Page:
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David J Dahms
Sunday, June 27, 2010
Lazy Mountain Bible Church
Mark 9:2–8 (ESV)
And after six days Jesus took with him Peter and James and John, and led them up a high
mountain by themselves. And he was transfigured before them, 3 and his clothes became
radiant, intensely white, as no one on earth could bleach them. 4 And there appeared to them
Elijah with Moses, and they were talking with Jesus. 5 And Peter said to Jesus, “Rabbi, it is good
that we are here. Let us make three tents, one for you and one for Moses and one for Elijah.” 6
For he did not know what to say, for they were terrified. 7 And a cloud overshadowed them, and
a voice came out of the cloud, “This is my beloved Son; listen to him.” 8 And suddenly, looking
around, they no longer saw anyone with them but Jesus only.
Many of us grew up in the star trek generation, we grew up with the words, “beam me up Scotty,” as
part of our cultural vocabulary. So when we read a story like this it might be tempting to say, “Yup.”
Christ was transfigured. We expected that was possible for him, and now we see it was. Next.” And we
move onto the next thing in the text.
But, whenever we come upon a text in Scripture we must always come with this question before us:
What is it there for.
We have very, very few ancient accounts of Jesus. Just four gospels. So every story, every word
recorded of Jesus is important and valuable.
Many, many ancient texts have disappeared. Most of what we know about Roman history, and Greek
history is from just a few ancient documents. When Ancient cultures attacked and conquered another
country or culture, they often tried to wipe out the culture by destroying its libraries and written
histories, and taking their antiquities. We saw this just as recently in the last ten years, when Bagdad
fell, the museum was robbed before it could even be secured by the troops, and much Iraq antiquity
So with this in mind, and with the knowledge that:
2 Timothy 3:16 (NAS)
All Scripture is inspired by God and profitable for teaching, for reproof, for correction, for
training in righteousness;
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And before we dismiss this account and move on, let’s try and discover together why God deemed this
account so important that he made sure that ethnic war between Christian and Arab in the 10th and 11th
century, could not erase this account from history.
The first clue will come as we look at what happens in the text before and after the account. Prior to his
transfiguration he has warned them not to have the thinking, he called it leven, of the Pharisees—who
refused to believe unless they saw a sign. He warned them not to have a demanding spirit like they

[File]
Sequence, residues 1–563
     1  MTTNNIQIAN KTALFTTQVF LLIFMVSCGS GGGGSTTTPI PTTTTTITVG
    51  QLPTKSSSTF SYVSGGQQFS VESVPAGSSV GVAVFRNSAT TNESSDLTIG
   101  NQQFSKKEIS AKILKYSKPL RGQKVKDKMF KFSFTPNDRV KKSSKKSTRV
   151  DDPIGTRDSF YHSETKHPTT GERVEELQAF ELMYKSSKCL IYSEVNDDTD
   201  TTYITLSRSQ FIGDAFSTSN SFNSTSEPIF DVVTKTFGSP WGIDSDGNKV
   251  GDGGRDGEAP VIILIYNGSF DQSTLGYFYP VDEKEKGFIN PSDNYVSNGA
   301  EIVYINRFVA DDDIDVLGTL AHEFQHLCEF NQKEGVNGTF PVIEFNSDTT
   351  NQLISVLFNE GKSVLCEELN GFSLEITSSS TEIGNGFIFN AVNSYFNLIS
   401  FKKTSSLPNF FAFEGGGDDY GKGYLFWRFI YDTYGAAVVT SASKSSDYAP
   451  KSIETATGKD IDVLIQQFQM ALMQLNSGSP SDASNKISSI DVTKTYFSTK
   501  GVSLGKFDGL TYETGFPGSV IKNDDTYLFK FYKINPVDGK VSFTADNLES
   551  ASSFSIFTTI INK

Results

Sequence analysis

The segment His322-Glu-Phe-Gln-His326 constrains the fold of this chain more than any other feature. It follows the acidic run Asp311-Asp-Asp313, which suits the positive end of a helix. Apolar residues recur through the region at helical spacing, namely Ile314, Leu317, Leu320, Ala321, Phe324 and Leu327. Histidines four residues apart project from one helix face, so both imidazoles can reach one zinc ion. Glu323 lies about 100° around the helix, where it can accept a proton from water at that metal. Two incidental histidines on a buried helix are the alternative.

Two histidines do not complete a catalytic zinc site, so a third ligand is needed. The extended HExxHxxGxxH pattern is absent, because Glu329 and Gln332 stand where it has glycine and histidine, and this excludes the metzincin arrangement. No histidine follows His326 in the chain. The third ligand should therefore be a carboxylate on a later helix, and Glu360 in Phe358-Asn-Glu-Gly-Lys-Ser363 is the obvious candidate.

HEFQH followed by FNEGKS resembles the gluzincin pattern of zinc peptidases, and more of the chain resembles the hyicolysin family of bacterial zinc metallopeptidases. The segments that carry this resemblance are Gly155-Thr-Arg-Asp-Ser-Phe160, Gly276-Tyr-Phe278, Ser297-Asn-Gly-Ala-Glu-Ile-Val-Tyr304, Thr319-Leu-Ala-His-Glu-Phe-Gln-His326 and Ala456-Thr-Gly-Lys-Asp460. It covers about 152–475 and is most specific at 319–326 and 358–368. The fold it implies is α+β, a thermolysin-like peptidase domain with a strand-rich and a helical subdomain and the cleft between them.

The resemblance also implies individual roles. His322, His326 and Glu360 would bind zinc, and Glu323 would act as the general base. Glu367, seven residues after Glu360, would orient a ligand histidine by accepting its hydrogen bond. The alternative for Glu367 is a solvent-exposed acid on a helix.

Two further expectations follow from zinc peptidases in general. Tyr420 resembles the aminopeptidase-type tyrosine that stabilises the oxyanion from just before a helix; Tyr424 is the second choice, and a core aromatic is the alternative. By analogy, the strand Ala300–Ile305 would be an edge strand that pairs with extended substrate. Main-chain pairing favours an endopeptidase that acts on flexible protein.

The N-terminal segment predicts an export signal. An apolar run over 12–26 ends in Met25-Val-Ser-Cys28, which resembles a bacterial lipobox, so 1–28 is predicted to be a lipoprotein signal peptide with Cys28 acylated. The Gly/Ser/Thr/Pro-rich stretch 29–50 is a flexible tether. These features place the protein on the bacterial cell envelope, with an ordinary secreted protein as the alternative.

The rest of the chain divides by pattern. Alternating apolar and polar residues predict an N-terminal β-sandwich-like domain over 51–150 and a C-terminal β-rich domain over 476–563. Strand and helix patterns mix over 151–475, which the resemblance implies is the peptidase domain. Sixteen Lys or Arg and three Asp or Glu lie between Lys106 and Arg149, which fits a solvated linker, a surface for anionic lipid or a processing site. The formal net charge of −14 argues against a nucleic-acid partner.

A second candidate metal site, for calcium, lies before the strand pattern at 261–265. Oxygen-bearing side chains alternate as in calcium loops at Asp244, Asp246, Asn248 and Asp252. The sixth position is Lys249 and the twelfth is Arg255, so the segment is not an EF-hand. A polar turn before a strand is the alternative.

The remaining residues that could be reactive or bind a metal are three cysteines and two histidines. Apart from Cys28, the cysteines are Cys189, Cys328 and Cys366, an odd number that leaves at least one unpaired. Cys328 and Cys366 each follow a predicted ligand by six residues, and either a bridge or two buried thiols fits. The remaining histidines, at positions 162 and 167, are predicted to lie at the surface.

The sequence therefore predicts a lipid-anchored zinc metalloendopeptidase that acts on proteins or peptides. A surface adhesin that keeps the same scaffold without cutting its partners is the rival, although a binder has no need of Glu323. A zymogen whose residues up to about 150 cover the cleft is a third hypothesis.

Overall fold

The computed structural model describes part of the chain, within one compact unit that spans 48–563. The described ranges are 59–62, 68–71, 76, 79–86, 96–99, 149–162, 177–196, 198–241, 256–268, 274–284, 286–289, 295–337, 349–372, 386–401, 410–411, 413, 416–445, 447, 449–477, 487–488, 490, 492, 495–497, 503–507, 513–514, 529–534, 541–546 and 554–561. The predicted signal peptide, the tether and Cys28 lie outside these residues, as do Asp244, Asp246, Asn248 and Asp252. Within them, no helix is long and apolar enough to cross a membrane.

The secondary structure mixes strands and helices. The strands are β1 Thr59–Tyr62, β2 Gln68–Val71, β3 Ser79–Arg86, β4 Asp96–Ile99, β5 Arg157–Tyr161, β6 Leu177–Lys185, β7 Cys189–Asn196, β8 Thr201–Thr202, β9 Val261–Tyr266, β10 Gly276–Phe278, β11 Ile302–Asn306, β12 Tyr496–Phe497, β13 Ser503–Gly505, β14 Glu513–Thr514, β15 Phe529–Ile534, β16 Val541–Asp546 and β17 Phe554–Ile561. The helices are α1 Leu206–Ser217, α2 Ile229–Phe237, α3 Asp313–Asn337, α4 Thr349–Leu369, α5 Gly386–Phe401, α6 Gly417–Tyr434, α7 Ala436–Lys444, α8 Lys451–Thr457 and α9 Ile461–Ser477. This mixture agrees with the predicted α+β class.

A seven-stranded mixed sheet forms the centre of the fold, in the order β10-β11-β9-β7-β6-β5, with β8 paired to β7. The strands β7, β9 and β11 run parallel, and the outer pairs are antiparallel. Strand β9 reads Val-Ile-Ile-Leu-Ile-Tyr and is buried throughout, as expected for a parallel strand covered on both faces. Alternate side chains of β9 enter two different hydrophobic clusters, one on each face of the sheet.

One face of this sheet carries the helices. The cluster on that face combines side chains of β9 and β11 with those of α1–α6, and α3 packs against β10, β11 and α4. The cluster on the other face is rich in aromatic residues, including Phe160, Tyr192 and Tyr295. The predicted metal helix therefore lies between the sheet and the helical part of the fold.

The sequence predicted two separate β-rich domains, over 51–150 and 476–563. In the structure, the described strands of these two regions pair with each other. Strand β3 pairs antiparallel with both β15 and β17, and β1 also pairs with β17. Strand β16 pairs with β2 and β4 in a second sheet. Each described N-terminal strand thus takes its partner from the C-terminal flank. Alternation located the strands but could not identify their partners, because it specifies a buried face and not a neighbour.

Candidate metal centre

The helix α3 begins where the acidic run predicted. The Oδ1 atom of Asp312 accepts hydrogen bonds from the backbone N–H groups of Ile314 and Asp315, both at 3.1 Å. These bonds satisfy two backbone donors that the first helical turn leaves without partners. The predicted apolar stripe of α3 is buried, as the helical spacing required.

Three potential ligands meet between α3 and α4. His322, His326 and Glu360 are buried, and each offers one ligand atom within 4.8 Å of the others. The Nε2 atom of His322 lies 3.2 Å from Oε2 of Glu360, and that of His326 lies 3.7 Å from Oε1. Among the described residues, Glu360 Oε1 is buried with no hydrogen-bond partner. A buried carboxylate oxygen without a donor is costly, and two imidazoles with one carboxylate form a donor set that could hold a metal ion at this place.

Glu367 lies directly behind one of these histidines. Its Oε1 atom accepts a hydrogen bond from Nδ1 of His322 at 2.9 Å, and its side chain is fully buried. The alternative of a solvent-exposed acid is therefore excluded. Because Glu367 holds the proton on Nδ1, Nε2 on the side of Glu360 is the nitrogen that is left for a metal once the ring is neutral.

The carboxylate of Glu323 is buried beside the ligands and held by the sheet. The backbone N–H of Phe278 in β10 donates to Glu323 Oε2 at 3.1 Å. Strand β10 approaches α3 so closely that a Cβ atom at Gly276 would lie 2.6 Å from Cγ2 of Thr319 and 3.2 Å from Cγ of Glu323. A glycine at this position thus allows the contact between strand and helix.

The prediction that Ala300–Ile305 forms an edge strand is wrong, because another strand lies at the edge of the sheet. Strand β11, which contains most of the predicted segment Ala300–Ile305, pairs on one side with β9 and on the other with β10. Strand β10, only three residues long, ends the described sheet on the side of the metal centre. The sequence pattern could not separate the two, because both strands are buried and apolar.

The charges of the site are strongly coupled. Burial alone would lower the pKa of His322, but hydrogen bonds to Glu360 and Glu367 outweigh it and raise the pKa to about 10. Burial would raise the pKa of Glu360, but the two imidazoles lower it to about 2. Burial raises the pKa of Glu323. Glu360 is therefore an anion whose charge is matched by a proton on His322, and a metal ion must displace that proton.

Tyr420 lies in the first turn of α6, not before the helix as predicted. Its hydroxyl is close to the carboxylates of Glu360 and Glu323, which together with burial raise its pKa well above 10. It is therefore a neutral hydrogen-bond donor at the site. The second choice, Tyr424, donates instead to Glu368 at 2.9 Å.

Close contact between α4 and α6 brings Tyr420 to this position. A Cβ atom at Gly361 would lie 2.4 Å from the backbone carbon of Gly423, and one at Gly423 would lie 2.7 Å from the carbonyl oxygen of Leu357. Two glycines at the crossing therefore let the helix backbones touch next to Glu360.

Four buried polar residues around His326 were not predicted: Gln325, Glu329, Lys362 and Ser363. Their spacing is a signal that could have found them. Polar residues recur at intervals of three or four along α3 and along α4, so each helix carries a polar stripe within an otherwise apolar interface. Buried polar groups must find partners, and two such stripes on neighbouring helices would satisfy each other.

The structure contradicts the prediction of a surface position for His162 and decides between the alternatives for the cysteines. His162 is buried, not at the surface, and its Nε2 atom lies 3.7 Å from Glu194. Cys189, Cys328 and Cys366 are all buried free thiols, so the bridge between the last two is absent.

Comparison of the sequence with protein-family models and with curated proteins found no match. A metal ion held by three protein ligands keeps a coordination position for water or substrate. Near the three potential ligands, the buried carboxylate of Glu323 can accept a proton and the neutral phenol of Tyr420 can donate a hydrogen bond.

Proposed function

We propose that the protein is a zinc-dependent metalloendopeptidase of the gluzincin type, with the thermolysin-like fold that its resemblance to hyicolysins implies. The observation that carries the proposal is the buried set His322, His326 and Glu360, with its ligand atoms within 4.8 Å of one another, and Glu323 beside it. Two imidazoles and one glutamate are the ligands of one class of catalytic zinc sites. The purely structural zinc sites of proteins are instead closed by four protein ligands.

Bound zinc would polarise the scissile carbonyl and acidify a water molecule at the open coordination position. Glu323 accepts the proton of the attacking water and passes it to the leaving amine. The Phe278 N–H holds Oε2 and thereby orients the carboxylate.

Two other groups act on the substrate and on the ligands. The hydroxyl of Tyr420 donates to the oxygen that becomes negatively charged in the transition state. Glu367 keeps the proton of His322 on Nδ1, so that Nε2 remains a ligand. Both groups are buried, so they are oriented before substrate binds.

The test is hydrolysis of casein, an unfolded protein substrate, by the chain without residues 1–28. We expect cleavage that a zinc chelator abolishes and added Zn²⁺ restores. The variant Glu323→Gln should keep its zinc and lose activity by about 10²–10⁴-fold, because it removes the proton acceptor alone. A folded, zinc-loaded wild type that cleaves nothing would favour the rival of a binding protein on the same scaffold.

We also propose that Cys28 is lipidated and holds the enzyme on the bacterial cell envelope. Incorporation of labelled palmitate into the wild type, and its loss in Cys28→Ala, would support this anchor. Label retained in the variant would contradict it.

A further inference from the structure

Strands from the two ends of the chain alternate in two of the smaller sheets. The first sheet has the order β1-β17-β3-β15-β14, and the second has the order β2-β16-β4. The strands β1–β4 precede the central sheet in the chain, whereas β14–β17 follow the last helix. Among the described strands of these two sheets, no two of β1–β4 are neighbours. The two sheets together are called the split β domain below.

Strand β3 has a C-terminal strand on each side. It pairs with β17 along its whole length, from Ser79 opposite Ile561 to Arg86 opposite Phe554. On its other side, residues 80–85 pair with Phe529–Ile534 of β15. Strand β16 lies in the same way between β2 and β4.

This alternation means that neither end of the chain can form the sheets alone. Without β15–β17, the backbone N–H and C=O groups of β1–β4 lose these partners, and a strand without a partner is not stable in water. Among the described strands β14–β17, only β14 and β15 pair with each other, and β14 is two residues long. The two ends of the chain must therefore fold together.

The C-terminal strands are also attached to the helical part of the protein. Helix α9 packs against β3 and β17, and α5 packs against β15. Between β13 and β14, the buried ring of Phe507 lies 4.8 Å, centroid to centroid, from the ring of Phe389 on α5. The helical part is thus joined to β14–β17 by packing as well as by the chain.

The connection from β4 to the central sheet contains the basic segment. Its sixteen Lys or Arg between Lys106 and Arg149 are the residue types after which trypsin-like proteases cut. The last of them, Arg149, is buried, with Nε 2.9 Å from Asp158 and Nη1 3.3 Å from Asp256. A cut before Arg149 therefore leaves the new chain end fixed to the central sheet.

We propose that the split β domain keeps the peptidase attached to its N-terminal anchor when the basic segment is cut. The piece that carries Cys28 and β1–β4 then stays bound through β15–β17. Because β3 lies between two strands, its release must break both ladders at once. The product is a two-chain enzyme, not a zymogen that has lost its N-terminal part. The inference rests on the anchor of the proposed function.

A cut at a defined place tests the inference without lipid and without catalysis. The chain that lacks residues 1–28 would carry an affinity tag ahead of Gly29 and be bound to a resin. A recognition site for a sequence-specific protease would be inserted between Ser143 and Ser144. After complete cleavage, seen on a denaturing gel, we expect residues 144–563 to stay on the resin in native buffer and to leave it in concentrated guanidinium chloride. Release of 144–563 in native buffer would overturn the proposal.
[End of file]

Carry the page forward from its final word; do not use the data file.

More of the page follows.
exhibited, where we try and tell God what we want, and how we think things out to go.
Then Jesus heal a blind man, then he asks the big question of the disciples: Who do you say that I am.
They tell him what the people are calling him, “Elijah, or John the Baptist.”
But then he asks them who they believe he is. And Peter answers directly and correctly: You are the
messiah, the one prophesied to come, the song of God.
This is a signal to God, a signal to Jesus, that they are ready to have the next part of the purpose of
Christ revealed to them:
He tells them why he came, why he has been doing and teaching all that he has, he tells them what his
Mark 8:31 (NAS)
And He began to teach them that the Son of Man must suffer many things and be rejected by
the elders and the chief priests and the scribes, and be killed, and after three days rise again.
You can imagine the silence in the room. These disciples feel like they have really given a lot. Given up
their careers, their friends and family think they have lost it. And now, the man they have devoted
themselves to tells them that this is the plan? That he be arrested, killed and rise from the dead.
Peter takes him aside as his publicist: And tells him that he, Peter, has a much better plan. That Jesus
doesn’t need to go to that extreme.”
To which Jesus gives him what can only be described as a severe dressing down, a tongue lashing. He
tells Peter he is thinking like Satan, planning like Satan, and scheming like Satan. Satan’s plan is self
preservation and exaltation.
But that is not the road for a Christian. The way you will tell if what you believe has dropped 18” down,
from, your head down to your heart is one thing: You will be carrying a cross.
A cross is a metaphor that when you become a Christ follower, your old self is crucified, and you